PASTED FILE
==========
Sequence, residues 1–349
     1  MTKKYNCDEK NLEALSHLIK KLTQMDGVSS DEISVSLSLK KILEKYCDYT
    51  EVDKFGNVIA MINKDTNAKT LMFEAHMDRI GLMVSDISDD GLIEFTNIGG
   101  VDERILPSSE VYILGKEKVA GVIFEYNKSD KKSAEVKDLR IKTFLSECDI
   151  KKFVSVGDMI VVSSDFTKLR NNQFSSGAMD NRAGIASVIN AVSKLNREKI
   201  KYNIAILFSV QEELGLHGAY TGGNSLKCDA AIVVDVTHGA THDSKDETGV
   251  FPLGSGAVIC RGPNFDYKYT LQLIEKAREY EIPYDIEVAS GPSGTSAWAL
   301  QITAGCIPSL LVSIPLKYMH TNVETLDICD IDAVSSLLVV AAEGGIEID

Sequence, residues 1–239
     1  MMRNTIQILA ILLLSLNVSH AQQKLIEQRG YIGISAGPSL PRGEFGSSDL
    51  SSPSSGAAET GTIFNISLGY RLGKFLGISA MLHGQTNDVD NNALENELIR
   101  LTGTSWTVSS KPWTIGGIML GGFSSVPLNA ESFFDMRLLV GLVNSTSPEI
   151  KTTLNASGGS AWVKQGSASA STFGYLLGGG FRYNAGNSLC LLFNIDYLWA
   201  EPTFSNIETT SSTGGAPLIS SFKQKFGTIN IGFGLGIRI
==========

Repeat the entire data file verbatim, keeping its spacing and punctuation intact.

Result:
Sequence, residues 1–349
     1  MTKKYNCDEK NLEALSHLIK KLTQMDGVSS DEISVSLSLK KILEKYCDYT
    51  EVDKFGNVIA MINKDTNAKT LMFEAHMDRI GLMVSDISDD GLIEFTNIGG
   101  VDERILPSSE VYILGKEKVA GVIFEYNKSD KKSAEVKDLR IKTFLSECDI
   151  KKFVSVGDMI VVSSDFTKLR NNQFSSGAMD NRAGIASVIN AVSKLNREKI
   201  KYNIAILFSV QEELGLHGAY TGGNSLKCDA AIVVDVTHGA THDSKDETGV
   251  FPLGSGAVIC RGPNFDYKYT LQLIEKAREY EIPYDIEVAS GPSGTSAWAL
   301  QITAGCIPSL LVSIPLKYMH TNVETLDICD IDAVSSLLVV AAEGGIEID

Sequence, residues 1–239
     1  MMRNTIQILA ILLLSLNVSH AQQKLIEQRG YIGISAGPSL PRGEFGSSDL
    51  SSPSSGAAET GTIFNISLGY RLGKFLGISA MLHGQTNDVD NNALENELIR
   101  LTGTSWTVSS KPWTIGGIML GGFSSVPLNA ESFFDMRLLV GLVNSTSPEI
   151  KTTLNASGGS AWVKQGSASA STFGYLLGGG FRYNAGNSLC LLFNIDYLWA
   201  EPTFSNIETT SSTGGAPLIS SFKQKFGTIN IGFGLGIRI